Learning How to Turn a False Awakening to Your Advantage
Everyone should know what false awakening is. If you do not, then you’ve obviously never experienced the gut-wrenching confusion that can come from not knowing whether you are asleep or dreaming. False awakening presents itself in such a way that there have been great thinkers throughout the ages who began to wonder if it were possible for people to go through their whole lives dreaming and not even know it. Questions of what separated reality from dreams began to crop up and then, at some point between that and the theory of alternate dimensions, the fear abated.
The popular consensus was that, if a person’s whole life was nothing more than a dream, then eventually they would have to wake up from it, which could reasonably be considered a form of death.
Do you see? Even less than a paragraph into the article and the implications behind a false awakening dream have already became more philosophical than scientific. But that’s only one aspect of a false awakening. False awakening can be both much deeper and much simpler than that.
It’s one of the best scare tactics in films and television shows today. The audience will believe that the character on the screen is awake and once that belief is established, then the real fun starts. Authors of books do the same thing. They’ll set you up to believe that the scene you’re reading about is actually happening, when only a few paragraphs later you realize that the character in question has not even woken up yet.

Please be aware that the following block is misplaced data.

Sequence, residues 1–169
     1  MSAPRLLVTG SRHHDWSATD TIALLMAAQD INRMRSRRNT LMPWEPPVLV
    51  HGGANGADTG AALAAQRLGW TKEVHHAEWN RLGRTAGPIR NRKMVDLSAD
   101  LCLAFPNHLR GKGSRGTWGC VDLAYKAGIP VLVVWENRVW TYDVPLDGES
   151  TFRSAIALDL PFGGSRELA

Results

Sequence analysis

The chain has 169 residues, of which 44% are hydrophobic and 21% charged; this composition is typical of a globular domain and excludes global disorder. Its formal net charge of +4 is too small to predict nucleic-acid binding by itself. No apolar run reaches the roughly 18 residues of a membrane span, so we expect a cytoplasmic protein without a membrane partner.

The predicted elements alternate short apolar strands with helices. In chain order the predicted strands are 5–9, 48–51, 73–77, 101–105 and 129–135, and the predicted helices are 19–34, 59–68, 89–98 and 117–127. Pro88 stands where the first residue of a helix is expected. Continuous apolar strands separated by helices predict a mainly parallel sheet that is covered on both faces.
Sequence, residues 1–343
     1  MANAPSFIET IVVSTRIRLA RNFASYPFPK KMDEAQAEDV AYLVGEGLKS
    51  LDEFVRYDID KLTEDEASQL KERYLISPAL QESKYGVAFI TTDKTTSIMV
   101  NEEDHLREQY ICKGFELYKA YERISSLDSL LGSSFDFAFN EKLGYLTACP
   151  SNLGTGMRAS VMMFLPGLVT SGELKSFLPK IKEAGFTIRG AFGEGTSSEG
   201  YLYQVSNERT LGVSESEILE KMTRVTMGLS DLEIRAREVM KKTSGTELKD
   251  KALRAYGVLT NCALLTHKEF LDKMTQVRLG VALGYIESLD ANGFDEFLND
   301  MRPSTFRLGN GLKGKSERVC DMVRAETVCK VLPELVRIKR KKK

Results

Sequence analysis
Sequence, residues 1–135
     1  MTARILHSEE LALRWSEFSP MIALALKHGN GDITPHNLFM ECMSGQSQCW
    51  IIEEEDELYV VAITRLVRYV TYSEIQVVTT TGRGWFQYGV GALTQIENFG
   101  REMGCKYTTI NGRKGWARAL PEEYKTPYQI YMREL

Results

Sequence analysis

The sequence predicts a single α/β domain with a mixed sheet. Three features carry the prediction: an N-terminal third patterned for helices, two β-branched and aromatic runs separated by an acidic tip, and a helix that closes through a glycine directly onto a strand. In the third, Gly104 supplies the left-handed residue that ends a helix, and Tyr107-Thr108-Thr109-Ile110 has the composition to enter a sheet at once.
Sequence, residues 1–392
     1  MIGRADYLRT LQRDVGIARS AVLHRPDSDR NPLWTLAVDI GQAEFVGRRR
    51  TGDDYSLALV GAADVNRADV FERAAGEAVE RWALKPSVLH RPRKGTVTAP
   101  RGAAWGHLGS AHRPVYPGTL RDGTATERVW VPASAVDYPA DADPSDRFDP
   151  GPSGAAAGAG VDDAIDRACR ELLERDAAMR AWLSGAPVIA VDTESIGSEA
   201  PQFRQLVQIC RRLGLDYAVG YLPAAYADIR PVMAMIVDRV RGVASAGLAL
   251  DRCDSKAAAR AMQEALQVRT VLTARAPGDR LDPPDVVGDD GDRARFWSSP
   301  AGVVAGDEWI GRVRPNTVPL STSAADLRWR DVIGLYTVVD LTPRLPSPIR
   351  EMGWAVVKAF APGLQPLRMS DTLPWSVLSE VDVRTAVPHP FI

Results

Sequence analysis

What’s the point of these little jaunts into dreaming?
What both directors and writers are working for is that they want to put the actor or story character in a situation that could, but does not, happen in that character’s everyday life. It’s to give the audience a glimpse of what might have been without bringing harm to the storyline. In some cases, these dreams that act so much like reality actually help the characters grow and become stronger as they learn about themselves and their situations through the dreams that their creator forces them to have.
Coincidentally enough, you can take those same concepts and apply them to yourself. When you experience a false awakening, there are a couple of signs that you should look for that will be able to tell you what type of false awakening you’re dealing with.
The most common type of false awakening is type 1. This is your garden variety dream in which the dreamer has the sensation of ‘waking up’ when in fact they never did. Realism in these dreams is not what’s important. In fact, the settings can actually be pretty wild. No matter what’s going on around them, however, the dreamer is always under the impression that they are awake and that what they’re experiencing is the real deal.
Usually a dreamer will dream that they are going to sleep. At that point, false awakening dreams can either stop or continue unabated until the dreamer wakes up or realizes that they are still dreaming. The reason why type 1 false awakenings are so common is because this type of dreaming happens to be a latent form of lucid dreaming.
When it comes to something like lucid dreaming, a person can practice for years without ever getting the hang of becoming ‘conscious’ while still in the middle of a dream. Lucid dreaming has been used as a form of mental and physical therapy, as a form of recreation, and even as a source of meditation. Lucid dreaming is popular because the possibilities are endless for someone with the ability to control their dreams. What many people do not realize is that type 1 false awakening is often their first step into becoming a lucid dreamer on a regular basis.
Maybe, with a bit more understanding into an otherwise mysterious form of dreaming, people will soon have more control not only over their dreams but over who they are as well.